- Teach your kids what to do in the event that they run into common scenarios such as getting separated from you at the mall or store, if their school closes early due to the weather, etc.
- Strive to become debt free by the end of the year.
- Pay annual bills at the end of December if possible (HOA fees, insurance payments, etc).
- Check your credit card/debit card accounts every few days (scams are rampant over the holidays, make sure there are no extra expenditures you didn't make).
- Be wary of carrying (and especially flashing) cash while out and about (it will make you a target for robbery).
- Don't fall into the Black Friday/Cyber Monday holiday sales hype. There are good sales year round.
- If you want to send money as gifts over the holidays consider buying discount gift cards instead.
- Spend wisely over the holidays by using sales sites such as Deal News or Kinja to get a heads up on great sales to make your money stretch further.
- Look for ways to save money at this time of year--everything from baking your own cookies instead of buying them to stocking up on food staples during holiday sales.
- Pull you free annual credit report to ensure all information is correct.
- Pay yourself first. Even though it seems like money is flying out of your account as soon as it lands there this time of year, always take the first cut from any income you receive and stash it away in a savings account.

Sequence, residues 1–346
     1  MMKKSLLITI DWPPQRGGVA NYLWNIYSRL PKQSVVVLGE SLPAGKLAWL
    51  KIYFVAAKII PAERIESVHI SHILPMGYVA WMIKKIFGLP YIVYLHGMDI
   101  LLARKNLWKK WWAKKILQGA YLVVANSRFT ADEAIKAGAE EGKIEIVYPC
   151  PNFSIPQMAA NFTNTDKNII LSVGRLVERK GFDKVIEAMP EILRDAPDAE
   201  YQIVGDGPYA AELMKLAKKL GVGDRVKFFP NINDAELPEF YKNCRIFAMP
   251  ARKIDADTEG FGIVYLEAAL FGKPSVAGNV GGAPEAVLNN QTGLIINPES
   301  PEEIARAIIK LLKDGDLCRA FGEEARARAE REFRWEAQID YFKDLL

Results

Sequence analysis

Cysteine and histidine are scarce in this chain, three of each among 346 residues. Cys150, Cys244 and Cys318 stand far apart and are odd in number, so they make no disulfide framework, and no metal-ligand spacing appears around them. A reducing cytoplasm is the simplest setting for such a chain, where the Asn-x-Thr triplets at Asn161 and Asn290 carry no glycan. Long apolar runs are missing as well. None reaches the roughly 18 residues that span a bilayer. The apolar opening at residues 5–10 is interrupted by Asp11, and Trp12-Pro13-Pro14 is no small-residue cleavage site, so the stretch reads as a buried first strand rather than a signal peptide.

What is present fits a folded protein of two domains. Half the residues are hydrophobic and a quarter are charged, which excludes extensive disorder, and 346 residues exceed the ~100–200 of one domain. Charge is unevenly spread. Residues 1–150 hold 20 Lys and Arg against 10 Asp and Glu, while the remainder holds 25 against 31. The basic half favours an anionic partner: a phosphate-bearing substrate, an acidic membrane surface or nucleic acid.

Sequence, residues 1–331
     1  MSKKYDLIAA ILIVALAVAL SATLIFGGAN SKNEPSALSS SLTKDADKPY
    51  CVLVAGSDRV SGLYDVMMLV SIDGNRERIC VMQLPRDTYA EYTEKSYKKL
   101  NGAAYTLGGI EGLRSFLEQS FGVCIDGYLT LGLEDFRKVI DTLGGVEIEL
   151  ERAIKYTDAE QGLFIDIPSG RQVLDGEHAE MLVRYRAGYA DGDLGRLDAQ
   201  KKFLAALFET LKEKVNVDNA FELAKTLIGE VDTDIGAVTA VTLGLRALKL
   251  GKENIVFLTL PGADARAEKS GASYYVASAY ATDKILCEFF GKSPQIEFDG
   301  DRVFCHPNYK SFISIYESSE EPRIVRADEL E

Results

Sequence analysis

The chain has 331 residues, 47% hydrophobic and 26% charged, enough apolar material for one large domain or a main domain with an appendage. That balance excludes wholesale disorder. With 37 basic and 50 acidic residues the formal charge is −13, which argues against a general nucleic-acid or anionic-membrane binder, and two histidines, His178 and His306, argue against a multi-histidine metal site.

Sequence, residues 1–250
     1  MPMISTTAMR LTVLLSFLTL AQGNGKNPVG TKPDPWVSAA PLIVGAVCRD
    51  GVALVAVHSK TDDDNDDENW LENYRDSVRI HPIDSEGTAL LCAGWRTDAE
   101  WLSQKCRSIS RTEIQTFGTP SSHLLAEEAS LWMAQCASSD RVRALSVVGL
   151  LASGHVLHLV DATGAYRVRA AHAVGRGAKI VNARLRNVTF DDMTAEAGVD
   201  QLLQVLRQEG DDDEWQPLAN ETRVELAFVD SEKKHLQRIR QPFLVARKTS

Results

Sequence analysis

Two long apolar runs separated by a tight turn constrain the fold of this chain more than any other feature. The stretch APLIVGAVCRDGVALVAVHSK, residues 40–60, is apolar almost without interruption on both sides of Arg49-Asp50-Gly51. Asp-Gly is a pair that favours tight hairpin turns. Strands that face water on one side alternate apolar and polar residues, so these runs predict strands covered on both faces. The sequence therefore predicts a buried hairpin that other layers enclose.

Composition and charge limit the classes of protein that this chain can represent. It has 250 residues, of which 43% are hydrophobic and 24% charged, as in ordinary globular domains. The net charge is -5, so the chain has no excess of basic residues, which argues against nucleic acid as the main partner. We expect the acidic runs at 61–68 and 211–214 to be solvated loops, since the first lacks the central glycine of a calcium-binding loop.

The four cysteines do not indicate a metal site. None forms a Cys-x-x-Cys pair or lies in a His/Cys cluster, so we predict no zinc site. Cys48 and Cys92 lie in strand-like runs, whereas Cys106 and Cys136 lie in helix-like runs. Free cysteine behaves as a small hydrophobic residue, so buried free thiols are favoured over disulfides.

End of the Year Stuff
- Consult your tax accountant about any end of the year financial moves you should make (such as fully funding your IRA, paying your kid's tuition, etc).
- Use up any annual medical/dental benefits by the end of the year.
- Do an annual review of your life and look for areas to improve upon.
- Clean up and organize your files (both hard files and computer files) and archive anything you don't need.
- Clean your house from top to bottom and donate anything you don't need (don't forget to get a receipt for your taxes).
- Review your important documents (Will and Power of Attorney, medical insurance plan, etc) and make any necessary changes.
- Review all of your income sources and expenses. Look for ways to increase the former and decrease the latter.
- Change all of your important passwords and pin numbers.
- Use up anything that will expire soon (like old gift cards, coupons, etc).
- Take advantage of slow season discounts (like have your AC serviced now, book a cruise for February, etc).
- Look for free activities to do during the holidays (Christmas caroling at nursing homes, kid's school plays, etc).
- Give back during the holidays by volunteering at a food kitchen, volunteering with community organizations (like Toys for Tots), or even volunteering to babysit for a single parent while they do their holiday shopping.
- Spend time in nature. It may be freezing cold outside but nature has a way of clearing your mind and helping you to realign your priorities.
- Participate in seasonal activities such as sledding, ice skating, skiing, etc.
- Participate in community activities such as holiday fun runs, visiting Santa with the kids, etc.
- Learn a new skill (the down time during the holidays is a good time to learn something new).